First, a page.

After exclusions, 2173 individuals were enrolled and included in our analysis (male:female = 0.98:1). Their demographical information and levels of Ca, P, ALP, and iPTH are presented in Table 1. The mean 25OHD level was 19.4 ± 6.4 ng/mL, with 109 (5.0%) participants having 25OHD2 level >2.5 ng/mL. Of these 109 participants, 98 (90.0%) had a level of 2.5 to 10 ng/mL (maximum, 22.4 ng/mL). The distribution of participants with detectable levels of 25OHD2 was as follows: 19 (4.6%) in Beijing, 23 (5.3%) in Hangzhou, 54 (12.3%) in Guangzhou, 5 (1.0%) in Dalian, and 8 (2.0%) in Urumqi. No significant difference was observed in the age of participants from the 5 regions, although the iPTH level in Dalian was significantly lower than that in the other 4 regions (P value <0.01).
25OHD Status and the Prevalence of Deficiency
A significant difference was detected in the 25OHD levels of male and female participants, as well as between the various regions (Figure 1). Therefore, we also separately analyzed the 25OHD status of each region (Table 2). Participants from Dalian (21.8 ± 6.6 ng/mL) and Guangzhou (21.4 ± 4.9 ng/mL) had significantly higher 25OHD levels than those from Hangzhou (19.0 ± 5.7 ng/mL), Urumqi (18.3 ± 6.7 ng/mL), and Beijing (16.2 ± 6.2 ng/mL); the 25OHD status of participants from Beijing was significantly lower than that of participants from the other 4 cities’ (Figure 1). Beijing had the highest rate of 25OHD deficiency (73.5%), followed by Urumqi (66.8%), Hangzhou (60.6%), Dalian (42.1%), and Guangzhou (39.6%). The overall prevalence of 25OHD deficiency in this study was 55.9%, and 94.6% participants exhibited 25OHD deficiency or insufficiency.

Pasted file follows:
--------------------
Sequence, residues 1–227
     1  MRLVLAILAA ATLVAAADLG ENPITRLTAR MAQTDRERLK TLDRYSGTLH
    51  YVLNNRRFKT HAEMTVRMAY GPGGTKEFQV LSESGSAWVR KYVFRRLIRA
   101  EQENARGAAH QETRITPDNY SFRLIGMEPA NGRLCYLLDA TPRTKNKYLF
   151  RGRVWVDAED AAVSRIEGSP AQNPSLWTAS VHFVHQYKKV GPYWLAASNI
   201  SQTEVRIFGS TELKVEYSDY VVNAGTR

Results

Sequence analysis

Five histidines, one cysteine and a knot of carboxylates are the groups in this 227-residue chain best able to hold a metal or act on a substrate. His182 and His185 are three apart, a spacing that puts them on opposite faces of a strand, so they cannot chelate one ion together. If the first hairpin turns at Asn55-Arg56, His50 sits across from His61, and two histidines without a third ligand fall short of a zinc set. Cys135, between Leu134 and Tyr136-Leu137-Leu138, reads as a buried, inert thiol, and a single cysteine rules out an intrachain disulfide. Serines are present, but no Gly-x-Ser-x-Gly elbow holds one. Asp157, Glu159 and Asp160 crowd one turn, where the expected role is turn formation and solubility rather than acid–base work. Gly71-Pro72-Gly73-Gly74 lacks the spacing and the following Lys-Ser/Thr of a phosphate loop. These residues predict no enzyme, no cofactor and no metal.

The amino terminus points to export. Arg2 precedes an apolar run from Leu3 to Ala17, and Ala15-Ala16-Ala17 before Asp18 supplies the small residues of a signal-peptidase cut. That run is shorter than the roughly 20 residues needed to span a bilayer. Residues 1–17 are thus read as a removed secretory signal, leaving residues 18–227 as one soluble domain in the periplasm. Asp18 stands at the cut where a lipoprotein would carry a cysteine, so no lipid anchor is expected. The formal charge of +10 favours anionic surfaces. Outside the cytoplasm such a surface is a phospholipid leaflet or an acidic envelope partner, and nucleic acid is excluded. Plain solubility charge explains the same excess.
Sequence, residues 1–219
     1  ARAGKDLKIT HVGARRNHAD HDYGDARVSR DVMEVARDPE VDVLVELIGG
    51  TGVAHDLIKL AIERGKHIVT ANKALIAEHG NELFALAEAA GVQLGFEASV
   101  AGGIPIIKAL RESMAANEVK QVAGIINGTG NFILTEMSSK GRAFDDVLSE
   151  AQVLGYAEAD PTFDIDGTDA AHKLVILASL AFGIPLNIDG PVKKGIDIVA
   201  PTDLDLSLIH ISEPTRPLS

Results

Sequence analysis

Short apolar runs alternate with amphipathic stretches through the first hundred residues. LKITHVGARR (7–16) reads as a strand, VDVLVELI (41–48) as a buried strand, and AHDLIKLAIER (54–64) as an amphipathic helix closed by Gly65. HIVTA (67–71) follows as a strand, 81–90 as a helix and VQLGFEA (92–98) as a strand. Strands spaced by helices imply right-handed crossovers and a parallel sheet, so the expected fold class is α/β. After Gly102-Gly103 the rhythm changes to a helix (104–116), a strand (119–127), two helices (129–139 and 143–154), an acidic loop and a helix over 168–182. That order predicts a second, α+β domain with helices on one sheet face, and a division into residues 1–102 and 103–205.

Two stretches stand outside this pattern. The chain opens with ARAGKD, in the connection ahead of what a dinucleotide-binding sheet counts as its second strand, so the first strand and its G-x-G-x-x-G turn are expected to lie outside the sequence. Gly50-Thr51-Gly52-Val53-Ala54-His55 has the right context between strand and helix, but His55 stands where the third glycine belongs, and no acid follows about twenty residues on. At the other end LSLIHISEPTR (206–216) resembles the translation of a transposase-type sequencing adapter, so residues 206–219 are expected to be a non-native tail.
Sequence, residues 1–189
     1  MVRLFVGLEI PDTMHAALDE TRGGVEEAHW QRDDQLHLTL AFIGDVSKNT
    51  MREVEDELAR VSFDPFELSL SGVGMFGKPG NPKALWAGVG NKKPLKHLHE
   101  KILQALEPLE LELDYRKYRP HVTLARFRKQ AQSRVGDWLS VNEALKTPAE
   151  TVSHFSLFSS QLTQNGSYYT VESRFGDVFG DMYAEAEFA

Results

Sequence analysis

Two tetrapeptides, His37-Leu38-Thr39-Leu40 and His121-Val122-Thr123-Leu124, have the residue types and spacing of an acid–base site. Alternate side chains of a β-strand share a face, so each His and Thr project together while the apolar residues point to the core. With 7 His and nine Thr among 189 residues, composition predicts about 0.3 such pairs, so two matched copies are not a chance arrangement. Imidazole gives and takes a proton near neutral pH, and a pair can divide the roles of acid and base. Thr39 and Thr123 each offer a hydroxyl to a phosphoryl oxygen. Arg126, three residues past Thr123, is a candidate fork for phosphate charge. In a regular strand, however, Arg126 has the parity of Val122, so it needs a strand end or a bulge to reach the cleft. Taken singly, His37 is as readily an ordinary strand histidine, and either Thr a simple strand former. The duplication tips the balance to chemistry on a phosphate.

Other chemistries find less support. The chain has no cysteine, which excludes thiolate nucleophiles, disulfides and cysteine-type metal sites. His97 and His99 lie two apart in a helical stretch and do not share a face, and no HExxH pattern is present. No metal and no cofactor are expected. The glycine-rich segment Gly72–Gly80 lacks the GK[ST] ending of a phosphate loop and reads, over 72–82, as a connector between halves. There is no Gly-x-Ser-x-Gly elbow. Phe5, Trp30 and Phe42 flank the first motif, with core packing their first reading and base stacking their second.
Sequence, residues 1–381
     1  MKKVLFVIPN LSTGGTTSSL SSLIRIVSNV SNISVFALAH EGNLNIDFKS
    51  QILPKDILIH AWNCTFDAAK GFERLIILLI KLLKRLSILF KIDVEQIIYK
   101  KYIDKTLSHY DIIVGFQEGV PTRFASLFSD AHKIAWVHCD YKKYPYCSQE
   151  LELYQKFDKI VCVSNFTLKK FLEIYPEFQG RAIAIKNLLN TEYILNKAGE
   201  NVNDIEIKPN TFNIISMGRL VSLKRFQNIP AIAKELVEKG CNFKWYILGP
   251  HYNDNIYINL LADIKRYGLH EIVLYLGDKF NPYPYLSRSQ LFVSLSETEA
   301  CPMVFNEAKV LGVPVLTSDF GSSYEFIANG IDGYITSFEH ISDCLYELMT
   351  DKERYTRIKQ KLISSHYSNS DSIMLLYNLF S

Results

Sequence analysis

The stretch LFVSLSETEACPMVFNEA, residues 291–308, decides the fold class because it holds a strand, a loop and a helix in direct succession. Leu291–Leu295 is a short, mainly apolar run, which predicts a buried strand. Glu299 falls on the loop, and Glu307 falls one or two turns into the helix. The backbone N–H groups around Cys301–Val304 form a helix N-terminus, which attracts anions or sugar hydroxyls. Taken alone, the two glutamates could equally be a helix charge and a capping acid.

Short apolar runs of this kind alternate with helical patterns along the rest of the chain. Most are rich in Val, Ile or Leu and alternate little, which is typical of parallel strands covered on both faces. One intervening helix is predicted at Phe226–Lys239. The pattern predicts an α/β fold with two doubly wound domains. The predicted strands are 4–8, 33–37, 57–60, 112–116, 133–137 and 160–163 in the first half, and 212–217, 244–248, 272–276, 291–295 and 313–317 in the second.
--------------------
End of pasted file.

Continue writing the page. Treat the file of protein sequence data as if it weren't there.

25OHD Level by Age Group
The results indicate a strong age dependence among 25OHD levels; the 25OHD levels in participants aged 49 to 59 and >59 years were significantly higher than in participants aged 18 to 29 and 29 to 39 years (Supplementary Table 1, http://links.lww.com/MD/A218). However, male residents of Beijing aged 49 to 59 years had significantly lower 25OHD level than those from the other 4 age groups in Beijing. The age dependence among 25OHD levels was slightly different for male and female participants (Supplementary Table 2, http://links.lww.com/MD/A218), although younger adults (18–39 years) generally had lower 25OHD levels than adults >49 years.
Association Between 25OHD and Other Related Biomarkers
Significant differences in age, BMI, Ca, P, ALP, and iPTH were detected when participants were stratified by 25OHD status (Table 3). As 25OHD status improved from severe deficiency to sufficiency, BMI and Ca gradually increased, whereas P and iPTH decreased. The correlation between iPTH and 25OHD was significant (r = −0.20, P < 0.01) (Figure 2). Even after correcting for age and sex, Spearman correlation analysis revealed that a significant positive relationship existed between Ca and 25OHD levels (r = 0.08, P < 0.01), whereas iPTH negatively correlated with 25OHD (r = −0.23, P < 0.01). The relationship between iPTH and 25OHD was also observed among the 118 participants with 25OHD level >30 ng/mL.